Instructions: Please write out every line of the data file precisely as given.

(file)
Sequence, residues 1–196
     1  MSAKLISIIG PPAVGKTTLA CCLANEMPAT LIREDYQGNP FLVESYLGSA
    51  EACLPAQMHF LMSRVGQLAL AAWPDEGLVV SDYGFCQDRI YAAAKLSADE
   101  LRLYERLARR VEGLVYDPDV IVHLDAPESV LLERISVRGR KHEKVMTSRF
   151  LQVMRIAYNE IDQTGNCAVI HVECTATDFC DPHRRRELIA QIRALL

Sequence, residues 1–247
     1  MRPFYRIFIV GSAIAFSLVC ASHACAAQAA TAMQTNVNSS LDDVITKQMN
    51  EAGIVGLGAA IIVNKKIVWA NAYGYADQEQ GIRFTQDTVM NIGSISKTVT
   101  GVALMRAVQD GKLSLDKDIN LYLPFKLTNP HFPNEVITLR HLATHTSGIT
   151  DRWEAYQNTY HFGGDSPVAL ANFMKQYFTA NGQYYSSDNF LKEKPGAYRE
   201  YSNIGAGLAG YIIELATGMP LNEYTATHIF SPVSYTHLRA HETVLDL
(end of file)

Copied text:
Sequence, residues 1–196
     1  MSAKLISIIG PPAVGKTTLA CCLANEMPAT LIREDYQGNP FLVESYLGSA
    51  EACLPAQMHF LMSRVGQLAL AAWPDEGLVV SDYGFCQDRI YAAAKLSADE
   101  LRLYERLARR VEGLVYDPDV IVHLDAPESV LLERISVRGR KHEKVMTSRF
   151  LQVMRIAYNE IDQTGNCAVI HVECTATDFC DPHRRRELIA QIRALL

Sequence, residues 1–247
     1  MRPFYRIFIV GSAIAFSLVC ASHACAAQAA TAMQTNVNSS LDDVITKQMN
    51  EAGIVGLGAA IIVNKKIVWA NAYGYADQEQ GIRFTQDTVM NIGSISKTVT
   101  GVALMRAVQD GKLSLDKDIN LYLPFKLTNP HFPNEVITLR HLATHTSGIT
   151  DRWEAYQNTY HFGGDSPVAL ANFMKQYFTA NGQYYSSDNF LKEKPGAYRE
   201  YSNIGAGLAG YIIELATGMP LNEYTATHIF SPVSYTHLRA HETVLDL